Erin’s treatment continued at The Royal Alexandra in Brighton. It was during the long periods of time spent at the hospital that Lisa noticed the artwork was very dated and grown up for a children’s ward. Although a generous donation to the hospital some years previously, the pictures provided no interest, colour or warmth to the surroundings. Lisa was more than happy to offer her services to create something bespoke for the hospital. A number of blank canvasses had been donated to the hospital for the children to use but Lisa felt asking children to create something from a blank canvass was a big ask. “It would be hard for anyone let alone a poorly child to create something from a blank canvass”.
Aware of the recent rise in popularity of mindfulness colouring books, the connection of working with your hands to soothe anxiety and eliminate stress, Lisa felt she had a great solution. To create artwork that could be coloured in by patients, parents and visiting family, providing therapeutic relief and distraction to those sitting and waiting for endless hours in hospital.
Lisa’s original design idea was to draw smiling nurses and doctors, hospital beds and machines but it occurred to her that these were things the children and their families were seeing all the time. Brighton is full of iconic landmarks, colour and interest. On a good clear day, the hospital provides amazing views of the Brighton seafront and pier. So the idea to include these along other aspects of Brighton seemed an obvious starting point.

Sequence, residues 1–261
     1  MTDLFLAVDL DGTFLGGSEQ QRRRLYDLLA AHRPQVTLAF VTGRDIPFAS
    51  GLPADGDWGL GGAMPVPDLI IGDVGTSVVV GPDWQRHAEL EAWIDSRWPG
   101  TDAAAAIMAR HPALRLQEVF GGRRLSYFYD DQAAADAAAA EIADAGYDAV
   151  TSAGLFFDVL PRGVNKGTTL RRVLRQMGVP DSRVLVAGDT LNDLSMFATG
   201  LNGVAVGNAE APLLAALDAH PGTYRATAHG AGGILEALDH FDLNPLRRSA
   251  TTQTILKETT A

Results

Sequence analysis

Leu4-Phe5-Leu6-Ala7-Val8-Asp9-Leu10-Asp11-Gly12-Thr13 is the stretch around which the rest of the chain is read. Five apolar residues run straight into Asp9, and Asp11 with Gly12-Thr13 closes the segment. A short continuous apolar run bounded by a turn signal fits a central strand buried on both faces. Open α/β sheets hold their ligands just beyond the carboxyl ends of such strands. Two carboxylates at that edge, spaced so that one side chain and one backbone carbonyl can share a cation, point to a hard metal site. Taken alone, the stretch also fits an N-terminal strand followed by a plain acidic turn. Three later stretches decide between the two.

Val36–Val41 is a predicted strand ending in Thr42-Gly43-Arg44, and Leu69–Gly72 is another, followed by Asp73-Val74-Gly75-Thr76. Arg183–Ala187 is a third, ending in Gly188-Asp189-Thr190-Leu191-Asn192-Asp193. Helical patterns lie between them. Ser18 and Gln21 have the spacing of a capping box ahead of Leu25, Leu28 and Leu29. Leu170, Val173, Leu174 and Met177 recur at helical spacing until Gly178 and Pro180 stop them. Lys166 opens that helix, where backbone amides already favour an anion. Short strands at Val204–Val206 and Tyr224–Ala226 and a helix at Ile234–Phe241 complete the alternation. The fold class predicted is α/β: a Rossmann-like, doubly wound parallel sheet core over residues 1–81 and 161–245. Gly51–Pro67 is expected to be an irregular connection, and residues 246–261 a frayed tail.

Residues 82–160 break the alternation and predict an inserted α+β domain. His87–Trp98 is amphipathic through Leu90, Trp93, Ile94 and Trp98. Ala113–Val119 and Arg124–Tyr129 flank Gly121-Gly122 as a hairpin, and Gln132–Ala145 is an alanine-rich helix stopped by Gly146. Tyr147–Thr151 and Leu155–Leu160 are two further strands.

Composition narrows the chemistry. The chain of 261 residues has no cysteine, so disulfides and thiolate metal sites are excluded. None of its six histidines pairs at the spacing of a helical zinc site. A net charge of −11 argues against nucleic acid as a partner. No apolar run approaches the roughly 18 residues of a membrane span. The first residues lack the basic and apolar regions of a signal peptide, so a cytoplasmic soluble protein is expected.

The first piece of artwork has been installed at Brighton Children’s hospital, Level 9 Oncology ward and has been beautifully completed. Nurses have commented that both patients and parents have really got involved. It has proved to be a very therapeutic activity for the whole family with even a number of nurses and doctors joining in too. A further 6 canvasses will be installed in the coming weeks.
Looking ahead Lisa is now working on digital copies to be made available to download. She has also started to create bespoke drawings most recently one for a camping event. “I was asked by a friend of mine to create something for the children as an activity during her camping party. It was great fun drawing something that the children could all get involved in, creating a lovely memorable piece of art”.
The 2nd May marked 3 years since Erin’s diagnosis. Lisa is reflective about this, “In some ways it seems so long ago and in others not so long. Those emotions and worries are still there. Looking back Erin had a relatively smooth journey even attending school during her treatment but each time she gets a cold or looks a little under the weather I get that panic that something might not be right. When Erin’s treatment was finished I was filled with questions and emotions. Was it really all over, how could they be sure? It makes you realise how much faith you need to put on the consultants, doctors and nurses. It is true they really do become your family. You have to trust, rely on them. These canvasses are my way of giving something back. A way of saying thank you for everything you have done for my family.”